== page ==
Small kitchen, very basic and depicting the poverty of the family.Two doors are needed one leading to outside the other to a bedroom. Small gangly tree is propped in the corner waiting to be decorated. Mother is straightening; David enters with hat,coat,mitts on, he's very excited.
David: Dad got the tree today! Mom can I decorate it right now?
Mom: How about your homework David, that needs to be done first and then there's your chores to do...Oh go ahead I know how much you want to see that tree decorated.
David: Thanks mom. (Runs to box and begins to decorate). I swear Christmas is my favorite time of the year. Joey says he's probably going to get a new bike for Christmas and Richard says he's going to get a sled.
Mom: David...we don't have a lot of money this year...
David: I know that mom, maybe next year...I was thinking that I could invite them to our Sunday School play since I will be a shepherd this year. That's a whole lot better than being the camel like last year.
Mom: Well I still thought you were the nicest looking camel I had ever seen.
David (thoughtfully) Do you think Dad will come to church with us this Christmas? I keep praying that he will want Jesus in his heart like you and me.
Mom: I know David, I pray every day and we'll just keep praying, because I know the Lord wants him in his family too. (gives David a hug). You feel a little warm, are you feeling alright?
David: I feel a little tired.
Mom: Well finish up that tree and get yourself tucked into bed; we don't want a sick shepherd.
David: Okay mom.
Lights fade and returns to scene one.
Quintan: Wow I couldn't imagine if mom and dad wouldn't have any money to buy any Christmas presents. That's like being in the third world countries.
Dad: There are actually a lot of families in this world that don't have enough money for their day to day food, much less any extra money for presents. We tend to get a little carried away with Christmas and forget about it's true meaning.
Sarah: Yeah Quin...So grandma what happened that Christmas that made it special? Did Grandpa surprise you all and come with you to church.
Quintan: Did David get a new bike just like Joey?
Grandma: Well David didn't ask for much. He understood that we couldn't afford alot, but this one particular Christmas he just seemed to have his heart set on this train set he had seen in the window at the store up town. It was a little wooden train set all painted up bright and shiny on a small little track. Grandpa and I would have loved to have bought it for him but it just cost so much and we just didn't have the money. So Grandpa decided that he was going to make one just like it out of wood for him.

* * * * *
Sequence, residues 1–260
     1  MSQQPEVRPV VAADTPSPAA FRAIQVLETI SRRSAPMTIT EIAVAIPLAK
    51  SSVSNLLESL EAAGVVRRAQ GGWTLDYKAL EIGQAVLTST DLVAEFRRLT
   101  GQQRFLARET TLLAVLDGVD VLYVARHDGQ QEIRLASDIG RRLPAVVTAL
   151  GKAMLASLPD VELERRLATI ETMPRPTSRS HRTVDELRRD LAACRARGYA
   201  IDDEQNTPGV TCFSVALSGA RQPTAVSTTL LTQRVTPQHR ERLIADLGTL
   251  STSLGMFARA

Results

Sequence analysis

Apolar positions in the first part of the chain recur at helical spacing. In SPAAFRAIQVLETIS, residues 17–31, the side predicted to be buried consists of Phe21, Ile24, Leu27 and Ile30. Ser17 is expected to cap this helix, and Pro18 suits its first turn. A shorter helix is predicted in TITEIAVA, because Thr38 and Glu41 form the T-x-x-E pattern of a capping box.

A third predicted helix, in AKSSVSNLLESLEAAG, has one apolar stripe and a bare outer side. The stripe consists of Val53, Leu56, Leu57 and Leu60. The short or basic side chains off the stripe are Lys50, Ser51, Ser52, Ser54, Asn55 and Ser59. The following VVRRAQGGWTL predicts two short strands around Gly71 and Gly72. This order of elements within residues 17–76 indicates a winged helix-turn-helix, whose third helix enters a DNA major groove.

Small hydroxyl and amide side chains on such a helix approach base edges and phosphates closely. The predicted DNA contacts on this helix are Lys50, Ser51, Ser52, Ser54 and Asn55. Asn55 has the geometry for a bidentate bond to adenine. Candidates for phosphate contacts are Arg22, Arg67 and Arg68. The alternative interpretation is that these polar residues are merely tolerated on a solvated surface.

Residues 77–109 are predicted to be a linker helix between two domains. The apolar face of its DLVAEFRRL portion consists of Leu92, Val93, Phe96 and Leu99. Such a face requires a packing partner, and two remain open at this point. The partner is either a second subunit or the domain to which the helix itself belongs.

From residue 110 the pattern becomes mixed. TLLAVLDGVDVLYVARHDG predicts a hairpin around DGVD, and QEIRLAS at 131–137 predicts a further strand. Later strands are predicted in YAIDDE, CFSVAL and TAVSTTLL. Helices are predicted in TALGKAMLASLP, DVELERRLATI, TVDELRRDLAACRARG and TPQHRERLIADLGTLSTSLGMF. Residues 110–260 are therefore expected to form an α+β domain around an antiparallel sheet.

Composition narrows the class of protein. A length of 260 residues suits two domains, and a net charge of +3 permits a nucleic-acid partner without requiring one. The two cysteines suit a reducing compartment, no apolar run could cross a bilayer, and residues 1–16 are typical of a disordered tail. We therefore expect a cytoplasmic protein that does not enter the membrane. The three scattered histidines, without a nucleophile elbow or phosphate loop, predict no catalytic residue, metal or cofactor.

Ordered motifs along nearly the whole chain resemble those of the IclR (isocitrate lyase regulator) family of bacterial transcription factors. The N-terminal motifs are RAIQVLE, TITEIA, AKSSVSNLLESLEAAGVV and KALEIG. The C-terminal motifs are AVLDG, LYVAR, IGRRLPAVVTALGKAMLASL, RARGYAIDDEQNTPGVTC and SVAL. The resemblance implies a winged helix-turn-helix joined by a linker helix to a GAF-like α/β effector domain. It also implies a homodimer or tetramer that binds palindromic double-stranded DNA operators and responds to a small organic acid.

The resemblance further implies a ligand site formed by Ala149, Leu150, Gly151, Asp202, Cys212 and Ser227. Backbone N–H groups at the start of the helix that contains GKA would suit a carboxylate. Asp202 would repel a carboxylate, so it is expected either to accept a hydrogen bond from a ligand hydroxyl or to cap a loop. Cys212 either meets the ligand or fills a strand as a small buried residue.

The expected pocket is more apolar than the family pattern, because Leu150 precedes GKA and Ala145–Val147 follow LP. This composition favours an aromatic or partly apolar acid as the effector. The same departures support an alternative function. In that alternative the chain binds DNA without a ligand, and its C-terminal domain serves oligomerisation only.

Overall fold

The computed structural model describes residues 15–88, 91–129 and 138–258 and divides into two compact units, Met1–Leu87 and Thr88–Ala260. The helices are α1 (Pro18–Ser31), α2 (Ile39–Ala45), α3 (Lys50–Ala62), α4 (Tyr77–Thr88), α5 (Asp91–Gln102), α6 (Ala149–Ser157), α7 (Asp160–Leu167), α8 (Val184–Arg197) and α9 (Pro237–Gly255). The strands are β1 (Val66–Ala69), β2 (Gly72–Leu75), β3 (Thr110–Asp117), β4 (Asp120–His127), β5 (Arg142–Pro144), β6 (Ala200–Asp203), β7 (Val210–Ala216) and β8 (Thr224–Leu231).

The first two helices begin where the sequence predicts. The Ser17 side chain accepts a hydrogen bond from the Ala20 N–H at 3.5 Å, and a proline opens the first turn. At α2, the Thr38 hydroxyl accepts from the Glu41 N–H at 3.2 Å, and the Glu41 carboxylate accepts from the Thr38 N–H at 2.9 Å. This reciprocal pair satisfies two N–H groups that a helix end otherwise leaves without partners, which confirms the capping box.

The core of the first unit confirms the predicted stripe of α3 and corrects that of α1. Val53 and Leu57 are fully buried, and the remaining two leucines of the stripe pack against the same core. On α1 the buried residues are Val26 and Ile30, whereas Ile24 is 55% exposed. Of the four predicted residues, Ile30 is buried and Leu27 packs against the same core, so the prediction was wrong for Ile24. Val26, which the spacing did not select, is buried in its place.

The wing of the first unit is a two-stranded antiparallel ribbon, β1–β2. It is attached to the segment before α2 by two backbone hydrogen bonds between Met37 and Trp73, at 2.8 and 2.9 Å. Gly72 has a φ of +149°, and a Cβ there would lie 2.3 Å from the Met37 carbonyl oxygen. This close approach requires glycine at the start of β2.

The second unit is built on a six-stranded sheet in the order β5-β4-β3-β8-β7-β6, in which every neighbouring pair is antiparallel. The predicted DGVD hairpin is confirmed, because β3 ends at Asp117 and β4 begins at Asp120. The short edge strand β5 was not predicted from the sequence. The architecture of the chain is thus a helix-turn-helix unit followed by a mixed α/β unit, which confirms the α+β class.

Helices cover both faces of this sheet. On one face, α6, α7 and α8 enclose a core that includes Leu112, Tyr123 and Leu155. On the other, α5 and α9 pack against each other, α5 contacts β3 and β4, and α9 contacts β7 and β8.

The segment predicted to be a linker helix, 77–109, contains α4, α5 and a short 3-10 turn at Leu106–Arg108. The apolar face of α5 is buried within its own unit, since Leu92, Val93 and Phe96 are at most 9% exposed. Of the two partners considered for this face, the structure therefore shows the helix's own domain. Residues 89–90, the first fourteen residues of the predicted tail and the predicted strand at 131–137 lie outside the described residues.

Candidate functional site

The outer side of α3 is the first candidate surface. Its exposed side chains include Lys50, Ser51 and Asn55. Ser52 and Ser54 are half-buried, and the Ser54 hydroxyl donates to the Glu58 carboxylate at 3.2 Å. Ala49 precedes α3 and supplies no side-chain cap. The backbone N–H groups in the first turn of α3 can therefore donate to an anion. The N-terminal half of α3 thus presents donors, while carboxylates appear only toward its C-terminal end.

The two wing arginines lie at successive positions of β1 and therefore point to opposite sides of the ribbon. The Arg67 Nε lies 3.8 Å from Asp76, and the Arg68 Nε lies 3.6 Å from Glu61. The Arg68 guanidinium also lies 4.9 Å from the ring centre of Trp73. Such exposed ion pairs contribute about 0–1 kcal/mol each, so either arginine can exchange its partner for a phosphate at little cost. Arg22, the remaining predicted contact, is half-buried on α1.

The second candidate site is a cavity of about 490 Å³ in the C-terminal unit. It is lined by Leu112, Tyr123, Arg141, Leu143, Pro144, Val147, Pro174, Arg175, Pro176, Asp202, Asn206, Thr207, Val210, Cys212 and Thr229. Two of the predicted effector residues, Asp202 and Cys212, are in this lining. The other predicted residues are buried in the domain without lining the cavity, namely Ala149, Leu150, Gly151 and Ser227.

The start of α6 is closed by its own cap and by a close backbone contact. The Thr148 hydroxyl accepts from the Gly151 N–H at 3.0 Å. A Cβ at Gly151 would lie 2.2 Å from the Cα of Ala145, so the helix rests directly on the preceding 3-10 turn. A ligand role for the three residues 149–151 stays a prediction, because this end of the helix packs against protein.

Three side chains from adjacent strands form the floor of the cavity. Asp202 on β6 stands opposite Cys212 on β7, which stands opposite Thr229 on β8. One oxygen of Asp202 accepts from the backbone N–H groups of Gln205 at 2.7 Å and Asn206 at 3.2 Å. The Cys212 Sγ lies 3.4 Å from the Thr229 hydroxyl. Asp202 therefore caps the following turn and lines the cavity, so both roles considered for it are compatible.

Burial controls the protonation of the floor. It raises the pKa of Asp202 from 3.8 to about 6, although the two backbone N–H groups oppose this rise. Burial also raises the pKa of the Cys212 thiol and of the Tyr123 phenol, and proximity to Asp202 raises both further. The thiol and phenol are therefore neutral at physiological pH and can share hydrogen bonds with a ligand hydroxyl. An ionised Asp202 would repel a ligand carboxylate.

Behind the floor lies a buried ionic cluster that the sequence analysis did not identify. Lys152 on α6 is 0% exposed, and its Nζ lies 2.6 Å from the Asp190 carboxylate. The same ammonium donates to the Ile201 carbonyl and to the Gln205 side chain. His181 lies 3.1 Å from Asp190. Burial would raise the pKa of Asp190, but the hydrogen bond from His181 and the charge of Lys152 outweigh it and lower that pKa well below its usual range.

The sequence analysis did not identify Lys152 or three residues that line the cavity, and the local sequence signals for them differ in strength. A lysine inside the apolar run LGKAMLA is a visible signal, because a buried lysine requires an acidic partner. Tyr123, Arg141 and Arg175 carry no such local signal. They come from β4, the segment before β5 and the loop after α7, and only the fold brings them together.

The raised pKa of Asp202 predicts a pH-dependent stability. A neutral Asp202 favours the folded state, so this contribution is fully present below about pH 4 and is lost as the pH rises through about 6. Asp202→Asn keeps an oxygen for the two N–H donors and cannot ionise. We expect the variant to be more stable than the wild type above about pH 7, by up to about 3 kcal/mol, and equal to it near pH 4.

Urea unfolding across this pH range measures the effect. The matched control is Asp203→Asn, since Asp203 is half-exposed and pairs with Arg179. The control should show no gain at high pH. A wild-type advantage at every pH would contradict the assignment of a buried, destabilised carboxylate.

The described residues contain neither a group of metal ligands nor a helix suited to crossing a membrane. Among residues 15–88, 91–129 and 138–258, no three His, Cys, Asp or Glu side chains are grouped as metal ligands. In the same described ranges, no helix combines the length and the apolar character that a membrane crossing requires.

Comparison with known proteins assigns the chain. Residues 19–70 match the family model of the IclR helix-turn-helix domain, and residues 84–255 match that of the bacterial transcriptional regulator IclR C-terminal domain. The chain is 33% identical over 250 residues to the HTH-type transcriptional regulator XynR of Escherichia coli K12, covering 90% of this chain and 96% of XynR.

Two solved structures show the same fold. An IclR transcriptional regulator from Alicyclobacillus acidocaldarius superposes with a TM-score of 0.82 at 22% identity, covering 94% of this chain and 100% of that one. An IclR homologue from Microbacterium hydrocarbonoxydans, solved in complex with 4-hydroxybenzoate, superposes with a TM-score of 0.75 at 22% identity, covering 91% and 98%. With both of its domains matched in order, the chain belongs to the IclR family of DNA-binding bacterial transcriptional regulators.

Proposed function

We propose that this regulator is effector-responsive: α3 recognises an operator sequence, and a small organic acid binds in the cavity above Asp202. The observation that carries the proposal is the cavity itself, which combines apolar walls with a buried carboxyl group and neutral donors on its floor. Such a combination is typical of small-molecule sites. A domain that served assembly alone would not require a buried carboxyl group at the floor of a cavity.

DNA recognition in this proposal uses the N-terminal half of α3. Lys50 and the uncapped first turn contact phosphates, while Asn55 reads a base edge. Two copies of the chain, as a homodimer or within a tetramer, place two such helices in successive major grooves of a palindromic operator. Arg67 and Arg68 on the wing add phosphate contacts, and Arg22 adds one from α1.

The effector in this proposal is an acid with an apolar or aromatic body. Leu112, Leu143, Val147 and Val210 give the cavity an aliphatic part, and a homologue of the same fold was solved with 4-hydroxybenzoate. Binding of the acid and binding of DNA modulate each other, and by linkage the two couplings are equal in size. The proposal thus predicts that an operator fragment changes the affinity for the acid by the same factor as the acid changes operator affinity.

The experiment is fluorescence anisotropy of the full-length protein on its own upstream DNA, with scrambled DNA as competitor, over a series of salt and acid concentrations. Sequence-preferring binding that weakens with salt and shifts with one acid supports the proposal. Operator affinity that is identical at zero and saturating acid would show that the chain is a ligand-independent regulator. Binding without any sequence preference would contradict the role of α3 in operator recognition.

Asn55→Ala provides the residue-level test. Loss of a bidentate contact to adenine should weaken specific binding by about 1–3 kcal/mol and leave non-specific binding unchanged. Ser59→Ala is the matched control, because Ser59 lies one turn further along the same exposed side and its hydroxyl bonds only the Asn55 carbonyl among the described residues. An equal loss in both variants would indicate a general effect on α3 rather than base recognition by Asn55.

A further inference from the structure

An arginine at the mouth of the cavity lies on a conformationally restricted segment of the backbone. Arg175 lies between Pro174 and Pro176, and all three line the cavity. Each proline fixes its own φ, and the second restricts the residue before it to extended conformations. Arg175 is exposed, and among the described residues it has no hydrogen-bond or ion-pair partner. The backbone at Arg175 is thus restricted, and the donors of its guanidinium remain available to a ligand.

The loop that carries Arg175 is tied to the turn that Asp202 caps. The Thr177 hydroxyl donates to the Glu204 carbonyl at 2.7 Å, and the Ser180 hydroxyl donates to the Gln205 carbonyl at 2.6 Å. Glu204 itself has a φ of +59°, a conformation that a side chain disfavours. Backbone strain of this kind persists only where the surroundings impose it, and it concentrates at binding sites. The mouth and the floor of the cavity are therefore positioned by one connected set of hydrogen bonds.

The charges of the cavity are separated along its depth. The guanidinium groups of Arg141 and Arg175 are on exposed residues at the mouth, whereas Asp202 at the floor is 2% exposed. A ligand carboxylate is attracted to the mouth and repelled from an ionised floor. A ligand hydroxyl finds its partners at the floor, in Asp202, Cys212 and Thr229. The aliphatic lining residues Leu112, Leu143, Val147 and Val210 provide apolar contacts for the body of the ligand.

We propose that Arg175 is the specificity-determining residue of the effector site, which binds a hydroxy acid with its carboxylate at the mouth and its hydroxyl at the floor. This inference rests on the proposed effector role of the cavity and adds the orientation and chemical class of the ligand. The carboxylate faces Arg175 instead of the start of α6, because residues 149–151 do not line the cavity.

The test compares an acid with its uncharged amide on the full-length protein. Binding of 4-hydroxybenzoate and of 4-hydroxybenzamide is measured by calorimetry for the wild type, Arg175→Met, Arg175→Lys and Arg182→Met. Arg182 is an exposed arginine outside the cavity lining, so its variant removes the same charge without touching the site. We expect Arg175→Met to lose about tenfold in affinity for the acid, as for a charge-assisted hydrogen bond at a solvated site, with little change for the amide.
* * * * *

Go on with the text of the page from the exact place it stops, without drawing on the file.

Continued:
Lights fade on scene one, lights go on to scene two.
Scene two: Lights low portraying evening. Mother is sitting at the kitchen table mending. Father pokes his head in the door.
John: Marie, is he in bed yet?
Marie: Yes he's sleeping, it's safe.
John brings from behind his back several pieces of wood. Several parts of the train are already finished. John begins to get at his project.
John: It sure is cold out there!
Marie: There's a fresh pot of coffee on, help yourself. John pours himself a coffee.David was so excited when he saw the tree.
John: Oh yeah it looks good. (noticing the tree is decorated and sits down to begin carving the train).
Marie: You’re coming along fine with the train, John.
John: I sure do hope I'll have it done in time for Christmas.
Marie: David will be so surprised when he sees this under the tree. Every time we bring the eggs into town he insists that we have to pass Murphy's Store so he can look at the train set. He doesn't say anything but the look on his face says it all.
John, (frustration begins to show as he speaks) I wish I could just walk into Murphy's and buy it for him. But the summer's dry spell sure took it's toll on the crops. Darn this farm anyways. I work my fingers to the bone on this place and what do I have to show for it. A lot of callouses and an empty bank account is all. I can't even buy my son a decent present.
Marie: I know John, we've been struggling with this farm for three years now but the Lord knows what we need. I really believe if the Lord wants us off this farm he'll show us a way out. We just have to trust Him on this one.
John: Trust the Lord, trust the Lord, that's all you ever say. Things still don't get any better. I see you readin' that Bible and prayin' and still things don't change. You'd think this God of yours could just lighten up and let us have a decent Christmas. I don't think He really cares about us.
Marie: John, you have no idea how much He does care for us all. Instead of looking at everything we don't have just look at what we do have. We manage every month to pay the bills so the bill collectors aren't knocking on our door. We have good friends and neighbours that we love. (pauses) And we have David.